Posted by: shannonc | July 28, 2009

Flunking out of french link

I like to start reports with something positive, so today I will say Sarah and Buck looked pretty amazing in our lesson! 

:)

You probably noticed, because you are an ubersmart reader, that there’s no mention of any little paint ponies in there. 

It’s not so bad, really, even if it is a bit funny.  The little pony and I are getting back on our feet after the better part of two weeks without work.  On the flat he has been fairly good.  The canter is still difficult, especially the left canter.  It’s falling more in the realm of fixation than fixed ;) – the transition up continues to be not pretty and I still need a little counterbend to get it, which means I have a good amount of reorganizing to do once we’re in the gait, because I lose the left shoulder even more with the counterbend.  The good news is that he is willing to get reorganized and we can actually produce a nice quality canter, for more strides than we used to be able to.  Also, he is becoming much more prompt into the transition and in general is more in front of my leg.  I’m really pleased about this piece.  Since I’ve been breaking my half halts into two strides, check in the first and leg in the second, he seems to be understanding what I’m asking for more clearly, which is helping especially in the trot work, where he wants to be behind the vertical, low and pulling, or hollow, and changes among these with great facility.  Sitting on top of this feels a lot like a rider’s game of Whack a Mole.  I just hope the practice he’s so kindly giving me is resulting in the development of better riding!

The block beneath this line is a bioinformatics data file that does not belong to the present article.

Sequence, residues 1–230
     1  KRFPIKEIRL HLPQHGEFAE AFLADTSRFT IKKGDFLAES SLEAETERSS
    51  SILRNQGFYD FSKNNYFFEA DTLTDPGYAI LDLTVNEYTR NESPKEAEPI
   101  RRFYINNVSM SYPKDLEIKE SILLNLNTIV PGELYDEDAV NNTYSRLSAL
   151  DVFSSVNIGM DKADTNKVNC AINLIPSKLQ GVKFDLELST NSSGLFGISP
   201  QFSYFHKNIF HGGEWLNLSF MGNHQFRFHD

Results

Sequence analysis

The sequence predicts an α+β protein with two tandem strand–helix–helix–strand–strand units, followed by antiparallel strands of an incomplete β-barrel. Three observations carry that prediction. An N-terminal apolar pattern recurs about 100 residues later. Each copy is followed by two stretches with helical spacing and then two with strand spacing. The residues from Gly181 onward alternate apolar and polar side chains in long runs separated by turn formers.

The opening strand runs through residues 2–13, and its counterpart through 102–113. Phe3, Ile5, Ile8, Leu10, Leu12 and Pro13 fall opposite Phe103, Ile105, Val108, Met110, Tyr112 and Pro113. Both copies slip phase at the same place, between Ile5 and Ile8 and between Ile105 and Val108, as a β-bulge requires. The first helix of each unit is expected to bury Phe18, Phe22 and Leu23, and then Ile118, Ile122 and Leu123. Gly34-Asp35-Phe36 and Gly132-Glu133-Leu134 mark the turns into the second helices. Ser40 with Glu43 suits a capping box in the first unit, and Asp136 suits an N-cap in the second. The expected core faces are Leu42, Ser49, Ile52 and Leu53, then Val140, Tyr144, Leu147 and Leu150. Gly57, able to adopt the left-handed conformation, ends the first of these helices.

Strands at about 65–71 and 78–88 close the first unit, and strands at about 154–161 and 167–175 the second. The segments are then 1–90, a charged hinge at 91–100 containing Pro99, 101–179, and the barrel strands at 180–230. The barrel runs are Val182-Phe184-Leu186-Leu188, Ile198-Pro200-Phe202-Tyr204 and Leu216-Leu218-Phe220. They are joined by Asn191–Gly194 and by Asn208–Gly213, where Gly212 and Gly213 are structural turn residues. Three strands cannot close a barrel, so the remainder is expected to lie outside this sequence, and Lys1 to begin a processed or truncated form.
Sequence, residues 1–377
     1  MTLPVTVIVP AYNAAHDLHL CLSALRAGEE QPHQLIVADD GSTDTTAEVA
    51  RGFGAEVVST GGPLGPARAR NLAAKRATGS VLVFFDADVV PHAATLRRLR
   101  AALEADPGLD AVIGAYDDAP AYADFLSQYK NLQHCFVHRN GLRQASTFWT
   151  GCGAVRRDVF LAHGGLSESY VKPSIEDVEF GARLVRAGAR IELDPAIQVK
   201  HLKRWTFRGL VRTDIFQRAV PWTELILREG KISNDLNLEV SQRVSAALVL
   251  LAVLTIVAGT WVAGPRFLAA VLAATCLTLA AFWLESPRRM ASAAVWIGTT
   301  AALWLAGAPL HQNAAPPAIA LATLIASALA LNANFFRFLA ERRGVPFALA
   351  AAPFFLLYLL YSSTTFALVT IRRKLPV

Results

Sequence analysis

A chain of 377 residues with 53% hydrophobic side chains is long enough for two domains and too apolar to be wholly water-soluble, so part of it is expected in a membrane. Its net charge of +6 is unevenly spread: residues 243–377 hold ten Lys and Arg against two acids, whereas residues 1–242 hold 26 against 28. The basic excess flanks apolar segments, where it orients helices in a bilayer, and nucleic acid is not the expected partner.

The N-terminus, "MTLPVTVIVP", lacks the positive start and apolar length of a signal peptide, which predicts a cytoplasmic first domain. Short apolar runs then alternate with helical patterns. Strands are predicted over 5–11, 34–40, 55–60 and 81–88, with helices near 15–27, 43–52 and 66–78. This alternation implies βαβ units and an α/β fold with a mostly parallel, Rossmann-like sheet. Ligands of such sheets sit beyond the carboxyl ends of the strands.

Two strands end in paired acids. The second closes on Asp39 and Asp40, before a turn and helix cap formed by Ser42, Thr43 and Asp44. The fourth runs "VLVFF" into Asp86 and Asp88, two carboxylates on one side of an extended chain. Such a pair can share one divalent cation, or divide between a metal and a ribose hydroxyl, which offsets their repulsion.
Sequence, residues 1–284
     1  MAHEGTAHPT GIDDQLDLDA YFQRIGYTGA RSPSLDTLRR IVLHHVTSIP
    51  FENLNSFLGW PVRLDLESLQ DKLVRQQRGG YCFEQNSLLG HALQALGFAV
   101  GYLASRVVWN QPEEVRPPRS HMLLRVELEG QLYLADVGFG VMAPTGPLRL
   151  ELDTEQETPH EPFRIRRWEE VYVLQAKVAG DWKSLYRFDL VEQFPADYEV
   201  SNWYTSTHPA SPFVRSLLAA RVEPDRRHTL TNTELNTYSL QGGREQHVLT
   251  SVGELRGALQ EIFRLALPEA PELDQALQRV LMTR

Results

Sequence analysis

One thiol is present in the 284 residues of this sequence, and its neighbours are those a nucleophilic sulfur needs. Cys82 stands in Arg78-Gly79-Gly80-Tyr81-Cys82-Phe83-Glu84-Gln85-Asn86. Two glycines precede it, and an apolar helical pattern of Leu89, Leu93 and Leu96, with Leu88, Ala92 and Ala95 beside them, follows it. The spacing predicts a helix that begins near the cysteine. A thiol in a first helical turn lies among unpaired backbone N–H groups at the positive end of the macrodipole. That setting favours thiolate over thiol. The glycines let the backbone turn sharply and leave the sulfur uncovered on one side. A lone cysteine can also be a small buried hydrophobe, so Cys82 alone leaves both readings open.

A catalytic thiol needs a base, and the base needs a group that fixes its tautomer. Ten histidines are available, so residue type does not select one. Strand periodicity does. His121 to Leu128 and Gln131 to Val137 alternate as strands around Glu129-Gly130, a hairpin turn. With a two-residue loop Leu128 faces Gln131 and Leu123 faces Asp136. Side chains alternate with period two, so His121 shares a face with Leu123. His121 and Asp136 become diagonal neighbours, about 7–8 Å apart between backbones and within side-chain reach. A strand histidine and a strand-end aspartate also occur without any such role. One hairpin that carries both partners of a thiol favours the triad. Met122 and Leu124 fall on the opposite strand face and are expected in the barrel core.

So, yes, today we went for a jump lesson.  The Miracle Bit is not producing any miracles for me, so I left it at home and rode in the Myler french link.  Or, rather, I made an effort to. 

It’s just so strange to have this problem we have, where he’s running off.  Of all the things I thought I was signing up for when I started riding this pony, too much forward didn’t even make the list.  He still shies at the jumps being set up, but once they’re there, look out, because the pony will try to take you to them.  Sometimes I have to laugh.  Anyway, I’ve been saying I think some of this is a balance issue, and I still think that.  But it’s becoming apparent that some of it is that he’s blowing me off.

We actually left the ring after jumping the first crossrail.  Three strides in front, there goes the pony, as if it’s an Olympic size crossrail.  I decided I better pull him up completely, and ten strides later I got my halt – on the grass outside the arena.  Uh huh. 

After this, there is some review of the things I need to be doing – don’t be too quick in the air, don’t look for the big spots, put him together right away on landing, use sharp aids to regain the balance if needed, but don’t hold.  Most of which we agree I’m doing pretty consistently.  So I go off on course, and we get around, but I’m really getting dragged.  I’m told I’m not asking badly, but he isn’t listening very well.  The next discussion is about what do I have in his mouth, and concludes with the suggestion that maybe I should look around for something different for next week (by next week, we mean Friday, when we have another lesson, because we’re competing Sunday).  Like a pelham.  This produces flashbacks of riding Blue Prelim with four reins.  It wasn’t awful, but it wasn’t the easiest thing I’ve ever done either.  Okay, well, if I need to try it, I need to try it.  And I get sent out on another course.